The release of OpenAI’s conversational chatbot ChatGPT late last year set off the alarm bells at Google’s headquarters in Mountain View, California, as the company’s management viewed the nascent technology as a serious threat to its core search business. To make things worse, OpenAI, the company behind ChatGPT, is working closely with Microsoft, one of Google’s last remaining competitors in the search market (if you can even call it competition).
And sure enough, as Statista's Felix Richter reports, Google’s worst fears with respect to ChatGPT became reality on Tuesday, when Microsoft announced a new Bing running on a next-generation OpenAI model that is “more powerful than ChatGPT” and customized specifically for search.
“AI will fundamentally change every software category, starting with the largest category of all – search,” Satya Nadella, Microsoft’s chairman and CEO, said in a statement, calling the AI-powered versions of Bing search and Edge browser “an AI copilot for the web.”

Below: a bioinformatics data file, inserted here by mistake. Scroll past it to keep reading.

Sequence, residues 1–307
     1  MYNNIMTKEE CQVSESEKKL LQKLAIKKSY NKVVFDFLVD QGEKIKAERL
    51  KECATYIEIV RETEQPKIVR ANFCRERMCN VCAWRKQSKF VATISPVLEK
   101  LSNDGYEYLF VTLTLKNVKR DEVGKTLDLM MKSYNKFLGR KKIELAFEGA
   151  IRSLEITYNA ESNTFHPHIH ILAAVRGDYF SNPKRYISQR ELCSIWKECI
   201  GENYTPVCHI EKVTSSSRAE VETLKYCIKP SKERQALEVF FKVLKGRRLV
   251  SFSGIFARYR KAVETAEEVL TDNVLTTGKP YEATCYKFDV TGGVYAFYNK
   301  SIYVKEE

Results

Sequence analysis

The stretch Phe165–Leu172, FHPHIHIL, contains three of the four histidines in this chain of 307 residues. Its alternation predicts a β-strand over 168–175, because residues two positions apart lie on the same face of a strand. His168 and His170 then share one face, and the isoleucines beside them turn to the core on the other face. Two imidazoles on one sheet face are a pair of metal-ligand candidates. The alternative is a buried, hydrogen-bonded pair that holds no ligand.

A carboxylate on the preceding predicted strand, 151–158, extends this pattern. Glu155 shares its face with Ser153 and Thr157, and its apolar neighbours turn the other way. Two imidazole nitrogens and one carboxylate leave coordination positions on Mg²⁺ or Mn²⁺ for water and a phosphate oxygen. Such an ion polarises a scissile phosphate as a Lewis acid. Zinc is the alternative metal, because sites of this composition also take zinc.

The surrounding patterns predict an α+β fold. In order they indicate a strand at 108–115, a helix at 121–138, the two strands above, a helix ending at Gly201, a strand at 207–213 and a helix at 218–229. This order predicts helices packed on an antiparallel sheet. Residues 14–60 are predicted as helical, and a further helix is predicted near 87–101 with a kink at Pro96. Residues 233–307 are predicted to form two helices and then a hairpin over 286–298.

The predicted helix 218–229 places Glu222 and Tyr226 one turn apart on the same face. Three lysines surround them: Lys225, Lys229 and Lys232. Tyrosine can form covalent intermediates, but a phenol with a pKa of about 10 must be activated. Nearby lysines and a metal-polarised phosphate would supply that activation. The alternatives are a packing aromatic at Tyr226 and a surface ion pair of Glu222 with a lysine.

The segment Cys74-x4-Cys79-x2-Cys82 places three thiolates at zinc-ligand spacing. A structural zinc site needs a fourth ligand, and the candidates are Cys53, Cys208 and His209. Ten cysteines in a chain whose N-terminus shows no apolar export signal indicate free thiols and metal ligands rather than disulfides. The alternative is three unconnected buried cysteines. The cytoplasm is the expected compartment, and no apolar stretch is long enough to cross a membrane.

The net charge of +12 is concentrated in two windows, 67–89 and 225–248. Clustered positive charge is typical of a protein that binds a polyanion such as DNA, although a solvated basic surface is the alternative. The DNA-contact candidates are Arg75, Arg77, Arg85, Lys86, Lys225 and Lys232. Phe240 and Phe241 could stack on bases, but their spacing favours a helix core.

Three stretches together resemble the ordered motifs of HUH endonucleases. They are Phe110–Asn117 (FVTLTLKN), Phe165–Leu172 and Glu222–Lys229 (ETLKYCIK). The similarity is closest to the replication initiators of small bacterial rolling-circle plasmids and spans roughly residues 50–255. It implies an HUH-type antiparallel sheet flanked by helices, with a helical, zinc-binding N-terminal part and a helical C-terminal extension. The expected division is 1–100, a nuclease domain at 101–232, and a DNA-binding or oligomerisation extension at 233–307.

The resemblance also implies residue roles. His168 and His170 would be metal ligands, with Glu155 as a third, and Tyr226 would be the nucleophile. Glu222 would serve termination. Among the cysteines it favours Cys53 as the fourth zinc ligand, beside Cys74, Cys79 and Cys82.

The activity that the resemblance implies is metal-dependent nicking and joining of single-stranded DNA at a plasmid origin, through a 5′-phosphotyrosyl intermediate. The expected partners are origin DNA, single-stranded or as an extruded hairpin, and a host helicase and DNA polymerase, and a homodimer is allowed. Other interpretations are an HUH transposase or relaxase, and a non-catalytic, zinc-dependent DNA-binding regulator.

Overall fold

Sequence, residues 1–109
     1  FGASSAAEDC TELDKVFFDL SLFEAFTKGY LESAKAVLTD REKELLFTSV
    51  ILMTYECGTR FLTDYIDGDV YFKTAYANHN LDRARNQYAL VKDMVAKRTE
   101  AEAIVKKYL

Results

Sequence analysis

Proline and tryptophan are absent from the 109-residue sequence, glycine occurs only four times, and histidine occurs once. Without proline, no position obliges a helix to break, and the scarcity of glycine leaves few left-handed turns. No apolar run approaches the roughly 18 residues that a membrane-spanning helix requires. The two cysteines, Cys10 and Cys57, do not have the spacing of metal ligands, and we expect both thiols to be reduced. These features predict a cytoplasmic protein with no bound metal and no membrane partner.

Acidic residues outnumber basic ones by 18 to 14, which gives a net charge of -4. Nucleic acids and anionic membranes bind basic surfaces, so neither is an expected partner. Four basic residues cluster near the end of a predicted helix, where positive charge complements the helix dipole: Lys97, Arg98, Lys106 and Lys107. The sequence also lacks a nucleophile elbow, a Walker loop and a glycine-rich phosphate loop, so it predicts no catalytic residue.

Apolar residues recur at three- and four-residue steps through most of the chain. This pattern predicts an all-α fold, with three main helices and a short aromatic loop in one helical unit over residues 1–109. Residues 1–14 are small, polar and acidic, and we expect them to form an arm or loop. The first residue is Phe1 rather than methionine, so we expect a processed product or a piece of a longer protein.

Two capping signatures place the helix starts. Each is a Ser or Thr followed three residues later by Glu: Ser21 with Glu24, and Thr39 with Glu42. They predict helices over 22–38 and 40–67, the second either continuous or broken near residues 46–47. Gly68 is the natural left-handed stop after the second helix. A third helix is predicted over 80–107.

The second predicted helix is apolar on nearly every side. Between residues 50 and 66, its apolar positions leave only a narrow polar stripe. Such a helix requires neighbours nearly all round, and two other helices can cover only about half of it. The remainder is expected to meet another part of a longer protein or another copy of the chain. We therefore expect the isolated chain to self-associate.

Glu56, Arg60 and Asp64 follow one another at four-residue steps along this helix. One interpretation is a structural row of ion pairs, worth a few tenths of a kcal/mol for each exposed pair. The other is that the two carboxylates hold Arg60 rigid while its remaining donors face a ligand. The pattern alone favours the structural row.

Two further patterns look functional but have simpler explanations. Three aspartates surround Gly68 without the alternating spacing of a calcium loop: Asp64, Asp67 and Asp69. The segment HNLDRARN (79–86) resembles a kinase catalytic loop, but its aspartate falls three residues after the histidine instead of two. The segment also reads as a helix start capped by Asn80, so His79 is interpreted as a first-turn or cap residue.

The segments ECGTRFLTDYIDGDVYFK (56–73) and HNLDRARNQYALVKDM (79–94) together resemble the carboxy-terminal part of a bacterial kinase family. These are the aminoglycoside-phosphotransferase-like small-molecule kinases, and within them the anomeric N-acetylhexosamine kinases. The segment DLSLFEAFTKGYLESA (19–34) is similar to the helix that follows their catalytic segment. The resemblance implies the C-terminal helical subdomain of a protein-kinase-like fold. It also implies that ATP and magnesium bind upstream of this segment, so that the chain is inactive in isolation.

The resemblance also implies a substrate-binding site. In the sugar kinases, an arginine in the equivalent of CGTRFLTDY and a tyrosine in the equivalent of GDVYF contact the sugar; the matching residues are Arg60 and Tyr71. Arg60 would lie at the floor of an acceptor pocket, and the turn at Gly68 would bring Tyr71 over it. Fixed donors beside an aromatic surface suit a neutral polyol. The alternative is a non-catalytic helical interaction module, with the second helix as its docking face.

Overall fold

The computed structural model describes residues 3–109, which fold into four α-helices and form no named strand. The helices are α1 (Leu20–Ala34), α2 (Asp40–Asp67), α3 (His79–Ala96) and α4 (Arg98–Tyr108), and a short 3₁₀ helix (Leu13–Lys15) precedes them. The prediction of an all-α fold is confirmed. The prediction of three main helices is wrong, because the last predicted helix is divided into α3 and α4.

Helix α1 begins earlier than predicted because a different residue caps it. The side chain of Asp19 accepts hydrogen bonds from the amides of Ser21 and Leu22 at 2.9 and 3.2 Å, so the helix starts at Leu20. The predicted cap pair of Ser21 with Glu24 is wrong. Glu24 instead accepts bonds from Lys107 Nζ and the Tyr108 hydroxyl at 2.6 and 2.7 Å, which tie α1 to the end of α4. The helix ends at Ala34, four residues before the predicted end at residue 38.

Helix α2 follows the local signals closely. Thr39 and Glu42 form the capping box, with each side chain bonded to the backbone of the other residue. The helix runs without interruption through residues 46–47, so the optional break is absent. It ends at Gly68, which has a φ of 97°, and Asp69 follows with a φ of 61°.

That announcement was arguably the most obvious attack on Google and its search business since the launch of Bing in 2009. And while one could argue that Bing’s arrival hardly made a dent in Google’s dominance, this time things feel differently, as technological shifts have often coincided with shifts in the balance of power – just ask Nokia. But even if Google successfully manages to defend its dominant position in the search market, losing just a couple of percentage points in market share would translate into billions of dollars in lost advertising revenue.
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According to estimates from Statista’s Digital Market Insights, global search advertising revenue amounted to $260 billion last year and could climb to $400 billion by 2026.